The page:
Mon, Nov 17, 2003 - Page 11 News List

Diageo moving on after ad blunder

Last December, the world's biggest spirits group, UK-based Diageo Plc, caused a furor in Taiwan when legislators here said a Smirnoff advertising campaign on the London Underground damaged the nation's image. The company apologized immediately after complaints were raised and ran a high-profile campaign in the UK praising Taiwan's achievements. Almost one year on, `Taipei Times' staff reporter Bill Heaney talked to Diageo Taiwan Inc managing director William Li about the damage the ads did to his company, how they have recovered their market position, and what new things they have to offer local consumers

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William Li, managing director of Diageo Taiwan Inc.

PHOTO: CHIANG YING-YING, TAIPEI TIMES

Taipei Times: Diageo advertisements in UK subways last year showed a half-wrapped Christmas gift bearing a label that said: "Warning: This gift will break down on Christmas morning. Replacement parts available from service center. Box No. 260, Taiwan. Allow 365 working days for delivery." How much damage did this do to your company here in Taiwan and how have you recovered since?

William Li (李其英): This is the first time a reporter has asked me that question. It appears to me that the average person did not see that as an issue. It was for politicians. I have to tell you that of course business was impacted, but not in terms of profit. The impact was on morale and also on the time management spent on the crisis. In terms of volume the impact was only before Chinese New Year during the gifting season. What we found is that people still bought our products. It was no problem for them to use our products for their own consumption, but the gifting business was hurt. I guess they didn't want to buy the products and be questioned by their friends.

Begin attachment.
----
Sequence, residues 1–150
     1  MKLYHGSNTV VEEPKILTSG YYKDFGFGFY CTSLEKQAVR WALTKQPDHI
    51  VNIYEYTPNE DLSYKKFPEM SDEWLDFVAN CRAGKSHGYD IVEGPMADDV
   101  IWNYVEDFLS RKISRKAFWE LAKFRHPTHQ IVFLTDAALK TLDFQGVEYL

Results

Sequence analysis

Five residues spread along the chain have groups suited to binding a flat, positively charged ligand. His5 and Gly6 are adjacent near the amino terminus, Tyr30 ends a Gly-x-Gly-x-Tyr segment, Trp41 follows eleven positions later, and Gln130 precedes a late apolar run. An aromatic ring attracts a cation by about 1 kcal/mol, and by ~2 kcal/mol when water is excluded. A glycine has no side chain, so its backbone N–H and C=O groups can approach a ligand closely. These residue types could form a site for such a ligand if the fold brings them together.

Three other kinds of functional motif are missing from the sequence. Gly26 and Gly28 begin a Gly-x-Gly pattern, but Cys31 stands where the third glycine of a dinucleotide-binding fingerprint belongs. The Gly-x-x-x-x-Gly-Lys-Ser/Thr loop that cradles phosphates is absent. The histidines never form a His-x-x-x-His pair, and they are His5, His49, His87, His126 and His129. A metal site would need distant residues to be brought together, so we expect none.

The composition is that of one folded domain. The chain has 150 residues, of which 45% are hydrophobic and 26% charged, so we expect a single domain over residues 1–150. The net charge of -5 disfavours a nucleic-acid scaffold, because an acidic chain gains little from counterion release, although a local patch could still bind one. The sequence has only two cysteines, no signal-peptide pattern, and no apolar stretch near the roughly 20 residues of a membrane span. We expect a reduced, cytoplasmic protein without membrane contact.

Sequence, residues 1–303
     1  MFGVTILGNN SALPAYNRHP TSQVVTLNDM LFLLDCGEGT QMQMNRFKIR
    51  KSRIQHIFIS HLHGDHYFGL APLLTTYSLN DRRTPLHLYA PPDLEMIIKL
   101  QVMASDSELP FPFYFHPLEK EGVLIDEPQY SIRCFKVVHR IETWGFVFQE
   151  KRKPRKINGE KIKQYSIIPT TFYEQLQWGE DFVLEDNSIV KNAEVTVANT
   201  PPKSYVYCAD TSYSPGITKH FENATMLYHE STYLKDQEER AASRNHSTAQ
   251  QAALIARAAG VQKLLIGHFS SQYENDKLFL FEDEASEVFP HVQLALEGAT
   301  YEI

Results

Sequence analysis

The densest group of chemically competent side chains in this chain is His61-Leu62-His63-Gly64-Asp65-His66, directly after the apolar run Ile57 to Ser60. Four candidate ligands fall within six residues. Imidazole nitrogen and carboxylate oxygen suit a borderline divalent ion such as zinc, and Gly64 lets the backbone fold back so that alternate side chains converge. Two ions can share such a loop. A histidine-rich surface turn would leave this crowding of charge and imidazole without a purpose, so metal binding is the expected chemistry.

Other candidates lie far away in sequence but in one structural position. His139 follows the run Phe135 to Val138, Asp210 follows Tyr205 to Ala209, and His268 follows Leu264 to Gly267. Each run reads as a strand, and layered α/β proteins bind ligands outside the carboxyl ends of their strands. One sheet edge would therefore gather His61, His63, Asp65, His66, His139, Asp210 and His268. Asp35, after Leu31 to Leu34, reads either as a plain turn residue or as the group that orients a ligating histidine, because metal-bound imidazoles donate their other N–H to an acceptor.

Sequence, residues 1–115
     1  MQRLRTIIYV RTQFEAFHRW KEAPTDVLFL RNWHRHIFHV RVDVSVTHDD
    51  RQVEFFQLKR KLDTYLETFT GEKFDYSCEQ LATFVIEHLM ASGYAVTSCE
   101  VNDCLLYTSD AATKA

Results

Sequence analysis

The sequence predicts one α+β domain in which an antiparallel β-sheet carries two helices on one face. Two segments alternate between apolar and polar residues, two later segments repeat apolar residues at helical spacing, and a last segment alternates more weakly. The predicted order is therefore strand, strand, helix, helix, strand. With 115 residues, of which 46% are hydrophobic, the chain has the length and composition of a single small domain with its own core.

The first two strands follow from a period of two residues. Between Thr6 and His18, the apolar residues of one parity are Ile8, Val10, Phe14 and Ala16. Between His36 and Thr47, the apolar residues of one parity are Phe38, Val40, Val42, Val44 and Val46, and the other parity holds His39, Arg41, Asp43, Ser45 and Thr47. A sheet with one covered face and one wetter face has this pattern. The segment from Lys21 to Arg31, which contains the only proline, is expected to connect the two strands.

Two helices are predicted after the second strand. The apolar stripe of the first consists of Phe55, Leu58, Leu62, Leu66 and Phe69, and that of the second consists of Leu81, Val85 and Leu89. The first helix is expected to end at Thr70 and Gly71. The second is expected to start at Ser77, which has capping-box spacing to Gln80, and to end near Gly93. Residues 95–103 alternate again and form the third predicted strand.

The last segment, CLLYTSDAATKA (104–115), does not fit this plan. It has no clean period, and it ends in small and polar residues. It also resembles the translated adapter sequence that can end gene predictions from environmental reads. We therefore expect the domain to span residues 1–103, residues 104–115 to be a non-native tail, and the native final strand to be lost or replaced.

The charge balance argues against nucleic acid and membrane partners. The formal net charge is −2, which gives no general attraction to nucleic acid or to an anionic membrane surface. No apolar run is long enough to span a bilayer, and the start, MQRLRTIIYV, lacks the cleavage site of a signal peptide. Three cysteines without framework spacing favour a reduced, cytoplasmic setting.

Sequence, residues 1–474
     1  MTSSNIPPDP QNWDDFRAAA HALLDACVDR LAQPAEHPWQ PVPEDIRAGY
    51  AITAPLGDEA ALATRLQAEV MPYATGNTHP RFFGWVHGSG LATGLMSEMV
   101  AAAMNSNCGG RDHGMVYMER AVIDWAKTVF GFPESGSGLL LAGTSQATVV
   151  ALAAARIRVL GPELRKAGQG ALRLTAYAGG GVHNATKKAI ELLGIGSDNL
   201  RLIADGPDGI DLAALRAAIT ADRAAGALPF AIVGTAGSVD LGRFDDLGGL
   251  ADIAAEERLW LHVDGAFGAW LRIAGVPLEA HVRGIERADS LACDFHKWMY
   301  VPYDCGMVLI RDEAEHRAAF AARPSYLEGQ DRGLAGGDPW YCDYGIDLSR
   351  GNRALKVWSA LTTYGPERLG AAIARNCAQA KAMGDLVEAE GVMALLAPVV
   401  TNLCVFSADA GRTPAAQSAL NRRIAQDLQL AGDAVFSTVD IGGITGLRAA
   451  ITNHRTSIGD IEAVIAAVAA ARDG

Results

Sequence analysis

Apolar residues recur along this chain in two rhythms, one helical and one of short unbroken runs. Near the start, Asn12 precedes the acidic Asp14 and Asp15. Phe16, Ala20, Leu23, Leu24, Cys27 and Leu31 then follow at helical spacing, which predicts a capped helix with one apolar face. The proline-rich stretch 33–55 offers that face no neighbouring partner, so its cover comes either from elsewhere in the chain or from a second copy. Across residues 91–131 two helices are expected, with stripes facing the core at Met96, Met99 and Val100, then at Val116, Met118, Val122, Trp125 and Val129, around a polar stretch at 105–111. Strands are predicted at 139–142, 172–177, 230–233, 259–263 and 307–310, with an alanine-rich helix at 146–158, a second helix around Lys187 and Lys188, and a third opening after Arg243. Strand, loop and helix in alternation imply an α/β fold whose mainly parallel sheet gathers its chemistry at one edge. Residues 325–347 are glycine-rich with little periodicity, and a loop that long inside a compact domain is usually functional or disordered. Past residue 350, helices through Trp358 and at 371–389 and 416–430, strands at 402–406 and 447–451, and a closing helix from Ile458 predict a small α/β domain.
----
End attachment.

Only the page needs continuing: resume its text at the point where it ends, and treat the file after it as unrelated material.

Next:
After Chinese New Year things went back to normal. The year's business actually grew against last year, although maybe the percentage was not as high as I would have liked, so I can't measure exactly what the impact was.

In terms of management time, you can imagine how much time the top team spent dealing with media requests, going to see the government, diverting our attention, and developing and making up a campaign in London.

TT: I believe you ran ads the same size as the original offending ad in the same places in the UK, is that right?

Li: That's right, and also ads in local papers here. Also at that point in time we had just launched Smirnoff Ice in Taiwan, so naturally we had to drop all the advertising and all the activities until things settled down. That hurts, right? But after we re-launched the product in April, it was fantastic. Our stock went like this [hand sweeps off table], so I think the impact was very short-term. Some of our employees were also questioned by their friends, by their family, why are you working for this company? So there was some kind of morale issue there.

TT: Have policies regarding advertising campaigns changed so that Diageo's head office now consults more with regional offices around the world?

Li: What happened was that immediately after the incident they were notified by us. It was actually over the Christmas period. Immediately the top communications guy, the director of external communications, formed a team with us to work together to resolve the issue. They were very active in dealing with Taiwan's government representatives in the UK.

They also established a study group at the same time to review the whole situation. What happened, what went wrong, what in the process went wrong working with the advertising agency? Of course we submitted our input, and the result of that was that our core marketing policy -- I guess there were loopholes there -- was totally re-written. I think starting from April, every [Diageo] country [representative] in the world had to go through workshops to understand the process and why. Now all advertising material has to go through the process.

TT: Often Taiwan does a poor job of promoting its successes in technology, and advertising executives in London may not be totally to blame for not having a strong impression of the nation's achievements. Do you think the government needs to do more to promote its image overseas, and how much help did you have in drawing up your damage-repair campaign?

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